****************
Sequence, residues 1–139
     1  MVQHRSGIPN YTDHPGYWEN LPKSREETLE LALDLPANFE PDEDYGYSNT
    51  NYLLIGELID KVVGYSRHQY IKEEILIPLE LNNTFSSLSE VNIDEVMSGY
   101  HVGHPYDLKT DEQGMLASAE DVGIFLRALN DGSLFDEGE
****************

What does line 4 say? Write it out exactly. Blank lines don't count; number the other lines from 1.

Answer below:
   101  HVGHPYDLKT DEQGMLASAE DVGIFLRALN DGSLFDEGE